Needs. Vessels, oil drilling rigs, and other equipments ought to be built to last through the weather and oceanic forces possibly encountered. Oil spill response equipment must be staged in Alaska for rapid deployment. Also, research needs to take place on developing methods to remove oil from sea ice and form under ice.

Critical habitat. PresidentObama’s administration is designating 187,000 square miles of Alaska as a “critical habitat” for the polar bears.This can place more restrictions on future exploration and drilling operations in Alaska but also may protect the polar bears from harm. ( offshore-oil-drilling-arctic-poll.html).

Summary. Offshore drilling started in 1869 or 144 years and is likely to continue. We need to develop techniques to extract crude oil from offshore safely under normal and Arctic conditions. Alaska is a well-positioned to manage a threat of Invasive Species, but determination and dedication of resources and personnel are very crucial of how invasive species are introduced and then spread give clear indication that a Important approach and a high level of cooperation within and outside of the agency are needed. Implementing this program with our partners now, before invasive species become well established, may allow us to avoid the situation where invasive species are relative to invasive species potentially imported with drilling equipment, Alaska should use the Alaska Region Invasive Species Program and increase the investments in invasive species control. Offshore drilling is a dangerous process with many possible environmental and wildlife consequences. The process gives jobs to Americans but reduces wildlife, and oil spills resulting can damage entire ecosystems. Expansion of drilling under Arctic conditions needs to be considered relative to risks. With the effect of offshore drilling, we are left with the argument that offshore drilling is a problem. But with everything there is a pro and a con position. And, we will find solutions for the cons. Even though the offshore drilling methods are currently less than desirable at the moment relative to nature disasters such as seismic waves, we will develop new and better methods. This will change things for the better. il rigs and platforms are good and bad relative to invasive species and marine life. When they are towed from other states, countries and nations, they transport foreign species. When they remain in their location for extended periods of time, they create or expand marine habitat and result in increased number of marine species.

Conclusion. Offshore drilling is both beneficial and dangerous at the same time. Further drilling in Arctic waters may ultimately not be beneficial. One has to ask, “Is it really worth it”. We have come a little way from where our knowledge was previously. With every oil spill we find a way to solve the problem. Perhaps this paper will open the eyes of some people to the pros and cons of offshore drilling.


Figure 1. . Federal oil plan for Alaska.

Figure 2. Point Thomson project drill site.

Figure 3.

A dead marine fish from the Gulf of Mexico washes up on a local beach after the recent oil platform explosion.–years-later-bp-spill- still-killing-gulf-marine-life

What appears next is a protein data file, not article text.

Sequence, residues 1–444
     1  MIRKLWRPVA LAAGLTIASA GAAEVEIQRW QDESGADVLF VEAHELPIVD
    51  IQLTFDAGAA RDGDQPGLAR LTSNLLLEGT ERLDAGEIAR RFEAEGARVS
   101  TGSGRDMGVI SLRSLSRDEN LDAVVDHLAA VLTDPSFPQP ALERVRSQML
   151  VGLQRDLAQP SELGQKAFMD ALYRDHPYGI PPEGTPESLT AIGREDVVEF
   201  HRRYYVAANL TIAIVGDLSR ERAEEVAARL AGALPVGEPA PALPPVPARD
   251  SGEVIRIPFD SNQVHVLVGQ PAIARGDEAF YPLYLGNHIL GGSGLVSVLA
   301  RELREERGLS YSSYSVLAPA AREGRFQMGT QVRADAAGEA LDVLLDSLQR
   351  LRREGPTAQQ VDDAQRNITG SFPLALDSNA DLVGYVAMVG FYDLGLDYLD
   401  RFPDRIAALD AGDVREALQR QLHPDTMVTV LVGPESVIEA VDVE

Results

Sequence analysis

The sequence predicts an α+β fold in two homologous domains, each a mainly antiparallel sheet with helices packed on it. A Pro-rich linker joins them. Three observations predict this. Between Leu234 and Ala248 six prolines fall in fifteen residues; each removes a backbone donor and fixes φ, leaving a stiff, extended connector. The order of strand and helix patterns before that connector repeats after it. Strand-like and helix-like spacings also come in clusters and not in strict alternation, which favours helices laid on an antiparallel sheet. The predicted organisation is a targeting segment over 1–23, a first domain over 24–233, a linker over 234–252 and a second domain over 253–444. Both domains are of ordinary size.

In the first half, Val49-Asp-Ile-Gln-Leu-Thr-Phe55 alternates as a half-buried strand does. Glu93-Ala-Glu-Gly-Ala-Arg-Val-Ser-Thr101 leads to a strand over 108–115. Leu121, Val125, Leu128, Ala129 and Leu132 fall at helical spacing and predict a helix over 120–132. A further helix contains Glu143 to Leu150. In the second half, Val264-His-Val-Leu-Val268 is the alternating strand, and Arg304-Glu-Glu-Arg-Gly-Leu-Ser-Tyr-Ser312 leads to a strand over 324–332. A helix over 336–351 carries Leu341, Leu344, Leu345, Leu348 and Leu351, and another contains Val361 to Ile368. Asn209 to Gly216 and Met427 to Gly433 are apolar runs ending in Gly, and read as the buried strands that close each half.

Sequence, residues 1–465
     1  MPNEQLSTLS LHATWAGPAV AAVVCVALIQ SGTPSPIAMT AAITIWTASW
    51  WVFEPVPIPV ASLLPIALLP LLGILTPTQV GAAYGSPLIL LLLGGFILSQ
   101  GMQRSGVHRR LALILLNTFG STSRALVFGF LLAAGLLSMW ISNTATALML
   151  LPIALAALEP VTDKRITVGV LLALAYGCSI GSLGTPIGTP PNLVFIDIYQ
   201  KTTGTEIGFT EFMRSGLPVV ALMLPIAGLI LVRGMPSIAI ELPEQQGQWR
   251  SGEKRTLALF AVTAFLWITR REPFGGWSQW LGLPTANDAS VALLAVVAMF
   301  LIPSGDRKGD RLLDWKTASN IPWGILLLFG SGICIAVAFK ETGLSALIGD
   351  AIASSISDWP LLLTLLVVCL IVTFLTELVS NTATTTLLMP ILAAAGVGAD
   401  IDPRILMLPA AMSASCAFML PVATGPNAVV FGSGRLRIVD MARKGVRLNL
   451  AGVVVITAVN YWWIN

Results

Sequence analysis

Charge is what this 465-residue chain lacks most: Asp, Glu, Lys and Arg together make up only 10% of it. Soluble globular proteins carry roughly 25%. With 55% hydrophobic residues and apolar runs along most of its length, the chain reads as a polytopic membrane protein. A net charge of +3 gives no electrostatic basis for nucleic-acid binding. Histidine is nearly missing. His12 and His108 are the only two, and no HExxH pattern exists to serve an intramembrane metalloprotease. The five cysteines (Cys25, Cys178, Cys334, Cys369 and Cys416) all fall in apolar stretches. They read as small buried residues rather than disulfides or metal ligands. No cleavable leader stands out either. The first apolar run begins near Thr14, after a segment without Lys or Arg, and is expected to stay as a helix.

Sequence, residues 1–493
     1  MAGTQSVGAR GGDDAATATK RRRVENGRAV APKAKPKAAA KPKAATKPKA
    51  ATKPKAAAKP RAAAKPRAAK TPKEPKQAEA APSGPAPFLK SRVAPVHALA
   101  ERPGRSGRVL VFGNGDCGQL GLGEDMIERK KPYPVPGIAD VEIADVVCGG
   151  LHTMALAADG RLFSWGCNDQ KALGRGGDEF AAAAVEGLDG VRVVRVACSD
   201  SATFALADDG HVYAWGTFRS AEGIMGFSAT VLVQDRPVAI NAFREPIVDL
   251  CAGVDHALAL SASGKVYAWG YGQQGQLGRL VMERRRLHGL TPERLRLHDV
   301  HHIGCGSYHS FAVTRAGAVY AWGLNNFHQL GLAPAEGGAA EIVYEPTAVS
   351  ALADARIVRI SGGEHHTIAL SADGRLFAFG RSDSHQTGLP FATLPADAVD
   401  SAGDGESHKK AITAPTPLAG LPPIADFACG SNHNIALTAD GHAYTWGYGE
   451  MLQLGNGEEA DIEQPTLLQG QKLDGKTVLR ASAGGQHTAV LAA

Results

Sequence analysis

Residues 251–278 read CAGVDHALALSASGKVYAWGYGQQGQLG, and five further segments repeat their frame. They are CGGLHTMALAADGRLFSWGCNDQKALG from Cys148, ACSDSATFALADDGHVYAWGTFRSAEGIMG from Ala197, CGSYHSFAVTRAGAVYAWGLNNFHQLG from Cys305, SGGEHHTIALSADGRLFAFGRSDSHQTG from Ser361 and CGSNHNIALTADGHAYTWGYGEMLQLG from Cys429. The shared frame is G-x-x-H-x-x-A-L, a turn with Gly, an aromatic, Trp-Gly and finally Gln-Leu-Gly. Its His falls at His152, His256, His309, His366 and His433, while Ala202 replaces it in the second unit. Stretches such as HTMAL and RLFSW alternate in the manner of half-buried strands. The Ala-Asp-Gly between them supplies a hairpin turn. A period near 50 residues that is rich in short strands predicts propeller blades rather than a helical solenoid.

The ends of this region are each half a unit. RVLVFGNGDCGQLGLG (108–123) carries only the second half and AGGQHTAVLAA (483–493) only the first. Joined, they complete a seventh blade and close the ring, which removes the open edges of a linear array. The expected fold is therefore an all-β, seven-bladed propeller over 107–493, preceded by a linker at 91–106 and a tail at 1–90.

Figure 4. Cleanup after an oil spill off the coast of Californian. The oils spill skirts border the spill so it does not affect the marine life.

Figure 5. Elodea nutallii in Chena, Alaska slough competing against native flora.

Figure 6. Decommissioned offshore oil platforms that are sunken or otherwise may stimulate marine life by providing habitat for expanded colonization.

Figure 7. Oil platforms and drilling rigs that have been abandoned have resulting at times in rich colonies of epiphytic organisms that can also promote increased fish presence.

Figure 8. The recent Federal ban on offshore drilling was met with protest from people whose livelihoods depended upon the jobs. good-for-th-Gulf-bad-for-the-economy.

Figure 9. Plastic and other trash waste if discharged from oil platforms can cause environmental and marine life damage. island

Figure 10. Polar bear populations are ones that stand to be affected by increase offshore drill or oil extraction. salazar-offshore-oil-drilling-arctic-poll.html


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  3. good-for-the-Gulf-bad-for-the-economy
  6.–years-later-bp-spill-stil-killing-gulf-marine- life
  24. shell-look-north-to-alaska-and-smile/
  27. drilling
  30. Executive Order 13112. 1999 Feb 3. Invasive Species. <>.
  31. USDA Forest Service. 2004a. October 8. National Strategy and Implementation Plan for Invasive Species Management <>.
  32. USDA Forest Service. 2004b. Strategic Plan for Fiscal Years 2004-2008.<http://fsweb/pas/documents/R10_Strategic_Business_Plan_version_2_May_2005.pdf>.
  33. USDA Forest Service. 2005a. Alaska Region Strategic Business Plan for Fiscal Years 2006-2008.<http://fsweb/pas/documents/R10_Strategic_Business_Plan_version_2_May_2005.pdf>.
  34. USDA Forest Service. 2005b. Alaska Region Invasive Plant Strategy.<http://fsweb/staffs/wfew/index_wfew.shtml>.
  35. USDA Forest Service. 2005c. Assessment of Invasive Species in Alaska and its National Forests. <http://fsweb/staffs/wfew/index_wfew.shtml>.
  36. USDA Forest Service. 2005. Chugach National Forest Invasive Plant Management Plan.<>.
  37. USDA Forest Service Tongass National Forest Invasive Plant Management Plan.

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Offshore Drilling And Potential Impacts On Alaska

The topic of developing oil prospects in Alaska by offshore drilling concerns of damaging the Arctic environment and the marine life in many ways. The consequences of an oil spill are waters off Alaska are not only financial but oceanic. The offshore drilling affects wildlife directly.